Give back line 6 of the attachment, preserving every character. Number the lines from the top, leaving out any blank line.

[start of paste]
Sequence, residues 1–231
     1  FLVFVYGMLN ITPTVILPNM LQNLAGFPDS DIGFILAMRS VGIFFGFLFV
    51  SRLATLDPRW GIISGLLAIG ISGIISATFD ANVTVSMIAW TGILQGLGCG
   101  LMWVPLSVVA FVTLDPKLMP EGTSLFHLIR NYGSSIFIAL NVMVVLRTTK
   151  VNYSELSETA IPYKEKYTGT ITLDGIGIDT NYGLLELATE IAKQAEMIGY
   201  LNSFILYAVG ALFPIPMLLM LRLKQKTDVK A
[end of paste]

   201  LNSFILYAVG ALFPIPMLLM LRLKQKTDVK A